I noticed a few things at regionals.  First, I was amazed at what the athletes were doing: putting massive weights over their heads, climbing ropes, walking on their hands, doing handstand pushups!  These athletes truly were superhuman.

I was also blown away at how many NCR members went to the event to support their fellow athletes.  Why were they so passionate and committed?  I've been a member of many gyms and group fitness classes and spinning classes and running groups before yet I was still taken aback by the sense of community

That same friend whose Facebook post had peaked my interest months ago was there and I tried to have him explain to me why my performance in the open workouts were so dismal.  I thought I was an above average athlete!  He told me I should start going every day!  I thought he was nuts at first but deep down I knew that there was some truth in what he was telling me.

I recognized that there were three massive mental barriers that I needed to overcome in order to come to terms with going to the box every day:

1. Cost. Why would I pay $180 when I could use my own gym for free?

2. Location: Why would I travel 15minutes to the box and back when I had a gym 15 seconds from my condo.

3. Time: Why would I organize my life around the CrossFit NCR class schedule when I could go to my own gym when it suited me best?

I decided that I would let the results be my barometer.  If I was getting fitter then it would be worth it.  Note that the sport has managed to define fitness and make it measurable as well, so that came in handy for me to track my progress.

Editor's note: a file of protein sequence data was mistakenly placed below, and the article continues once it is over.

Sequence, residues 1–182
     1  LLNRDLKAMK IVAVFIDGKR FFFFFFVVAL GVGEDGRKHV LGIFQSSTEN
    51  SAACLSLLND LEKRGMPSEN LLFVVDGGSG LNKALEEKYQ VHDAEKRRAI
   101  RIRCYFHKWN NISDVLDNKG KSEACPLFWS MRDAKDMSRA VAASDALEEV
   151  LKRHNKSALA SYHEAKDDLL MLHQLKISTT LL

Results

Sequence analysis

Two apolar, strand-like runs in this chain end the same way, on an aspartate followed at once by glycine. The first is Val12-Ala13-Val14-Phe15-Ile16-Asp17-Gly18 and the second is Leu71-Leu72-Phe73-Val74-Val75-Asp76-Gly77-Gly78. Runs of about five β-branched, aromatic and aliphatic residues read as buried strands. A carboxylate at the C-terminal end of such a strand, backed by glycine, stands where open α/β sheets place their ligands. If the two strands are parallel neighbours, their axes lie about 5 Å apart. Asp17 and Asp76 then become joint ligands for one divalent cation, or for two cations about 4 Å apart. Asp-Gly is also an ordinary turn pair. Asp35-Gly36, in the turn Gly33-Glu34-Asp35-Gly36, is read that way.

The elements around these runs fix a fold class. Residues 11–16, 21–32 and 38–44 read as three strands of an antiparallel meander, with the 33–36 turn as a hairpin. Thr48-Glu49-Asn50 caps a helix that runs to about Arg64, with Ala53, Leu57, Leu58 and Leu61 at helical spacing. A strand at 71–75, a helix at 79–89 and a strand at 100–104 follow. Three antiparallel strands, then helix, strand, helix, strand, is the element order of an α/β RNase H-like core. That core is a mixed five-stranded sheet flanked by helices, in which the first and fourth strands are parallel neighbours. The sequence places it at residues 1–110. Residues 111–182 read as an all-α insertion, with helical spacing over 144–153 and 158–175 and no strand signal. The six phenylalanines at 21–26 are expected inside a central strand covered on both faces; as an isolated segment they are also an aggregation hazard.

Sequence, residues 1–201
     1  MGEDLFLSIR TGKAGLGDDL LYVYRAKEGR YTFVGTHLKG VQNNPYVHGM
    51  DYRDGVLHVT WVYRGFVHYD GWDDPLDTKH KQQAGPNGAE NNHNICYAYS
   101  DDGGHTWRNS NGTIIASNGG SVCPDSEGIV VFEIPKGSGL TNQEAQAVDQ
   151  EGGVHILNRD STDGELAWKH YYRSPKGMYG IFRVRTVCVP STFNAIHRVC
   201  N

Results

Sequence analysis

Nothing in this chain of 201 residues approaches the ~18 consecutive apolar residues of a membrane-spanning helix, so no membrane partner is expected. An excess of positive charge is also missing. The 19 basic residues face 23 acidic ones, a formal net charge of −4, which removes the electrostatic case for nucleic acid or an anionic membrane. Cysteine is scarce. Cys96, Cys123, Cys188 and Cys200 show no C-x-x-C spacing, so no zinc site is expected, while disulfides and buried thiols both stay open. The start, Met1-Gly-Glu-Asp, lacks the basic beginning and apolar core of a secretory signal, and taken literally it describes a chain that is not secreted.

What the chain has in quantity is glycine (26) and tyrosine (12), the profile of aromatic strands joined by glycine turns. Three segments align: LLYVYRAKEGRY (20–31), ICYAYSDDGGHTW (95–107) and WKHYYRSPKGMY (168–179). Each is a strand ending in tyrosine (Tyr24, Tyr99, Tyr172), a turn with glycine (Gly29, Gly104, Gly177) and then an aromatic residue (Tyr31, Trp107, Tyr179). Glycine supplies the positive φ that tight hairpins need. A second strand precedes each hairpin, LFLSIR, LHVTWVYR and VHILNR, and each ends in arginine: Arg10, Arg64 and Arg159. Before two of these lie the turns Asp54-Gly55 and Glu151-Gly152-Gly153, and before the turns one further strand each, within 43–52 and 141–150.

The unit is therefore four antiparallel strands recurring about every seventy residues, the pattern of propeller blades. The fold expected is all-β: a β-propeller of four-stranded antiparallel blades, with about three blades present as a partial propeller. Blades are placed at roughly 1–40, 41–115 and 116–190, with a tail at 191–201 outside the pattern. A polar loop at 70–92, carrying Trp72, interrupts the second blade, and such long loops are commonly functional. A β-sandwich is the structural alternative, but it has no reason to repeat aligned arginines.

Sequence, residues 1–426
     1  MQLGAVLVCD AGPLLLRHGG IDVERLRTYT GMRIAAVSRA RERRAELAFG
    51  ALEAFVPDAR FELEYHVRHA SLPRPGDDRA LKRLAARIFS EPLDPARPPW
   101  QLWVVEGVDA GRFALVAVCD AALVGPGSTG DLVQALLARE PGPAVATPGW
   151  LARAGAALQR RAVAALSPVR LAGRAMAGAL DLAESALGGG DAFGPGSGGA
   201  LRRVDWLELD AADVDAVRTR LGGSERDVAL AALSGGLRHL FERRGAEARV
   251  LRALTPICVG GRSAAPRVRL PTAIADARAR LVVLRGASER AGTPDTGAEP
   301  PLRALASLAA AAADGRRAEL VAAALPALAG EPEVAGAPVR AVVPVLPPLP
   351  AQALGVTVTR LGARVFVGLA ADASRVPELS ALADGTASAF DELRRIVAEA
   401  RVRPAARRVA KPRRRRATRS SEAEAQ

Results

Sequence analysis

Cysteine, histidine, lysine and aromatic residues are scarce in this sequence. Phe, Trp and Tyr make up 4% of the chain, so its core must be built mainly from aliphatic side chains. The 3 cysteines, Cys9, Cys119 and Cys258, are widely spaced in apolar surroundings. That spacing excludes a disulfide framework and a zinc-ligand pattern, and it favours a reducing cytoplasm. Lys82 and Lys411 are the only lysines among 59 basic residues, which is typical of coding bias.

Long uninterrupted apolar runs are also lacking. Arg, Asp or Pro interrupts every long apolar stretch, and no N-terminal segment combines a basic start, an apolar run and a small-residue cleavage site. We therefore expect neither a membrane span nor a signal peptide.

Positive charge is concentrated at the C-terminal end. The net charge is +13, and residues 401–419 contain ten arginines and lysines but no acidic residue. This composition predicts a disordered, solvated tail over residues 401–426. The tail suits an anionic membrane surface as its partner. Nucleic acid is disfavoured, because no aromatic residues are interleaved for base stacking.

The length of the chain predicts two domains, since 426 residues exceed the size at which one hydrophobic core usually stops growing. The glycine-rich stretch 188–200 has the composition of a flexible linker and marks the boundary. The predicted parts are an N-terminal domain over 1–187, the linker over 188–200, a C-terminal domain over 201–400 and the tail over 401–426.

Prowler pushes are a great way to add intensity without too much thinking!

Prowler pushes are a great way to add intensity without too much thinking!

When I started going everyday (Monday to Friday) at 6am and Saturdays at 11am I was amazed at how much variety there was.  Every single day we would be doing different movements, varying the weights, varying the rep scheme, doing cardio based movements and sometimes more bodyweight movements.  No two workouts were the same.  I also liked the fact that I was learning something everyday.  The coaches had so much knowledge and had an amazing ability to break down the movement into smaller parts to help us understand and scale the movement accordingly.  

I started to understand what I was paying for.  There were no coaches at my gym teaching me new training methods.  I valued this advice.

I also noticed that the intensity of the workouts was better at the box than at my condo gym. There are a few reasons for this.  Firstly, when I workout on my own in the morning I'd be half asleep while trying to warm up on the stationary bike.  And if I was getting tired midway through the workout I'd just leave.  That was not the case at NCR.  The coaches were very motivating and could tell if I had more to give in a workout or lift.  Secondly, the workout results were recorded on the whiteboard after each class.  I must say I liked this!  I wanted to post the best score possible.  And as much as I loved my new classmates I wanted to beat them all (note that they are thinking the same) and this was massive motivation to crank up the intensity.

The other thing I noticed was that my classmates wanted to see me improve, and I felt the same way about them.  Going through a workout together is like being in the trenches together.  You feel a bond with your teammates (classmates in this case are the same thing!) as if you had survived a war together and this creates a mutual respect and camaraderie.

After a few months had gone by I realized I hadn't missed a class since regionals.  I became a raving fan!

Three years have gone by and I'm still addicted to everything about CrossFit.  I like being surrounded by fit humans, I like pushing myself and seeing my results improve, I like being around the people who are now my friends and family.  It took me awhile to get over those three mental hurdles but I'm glad I did!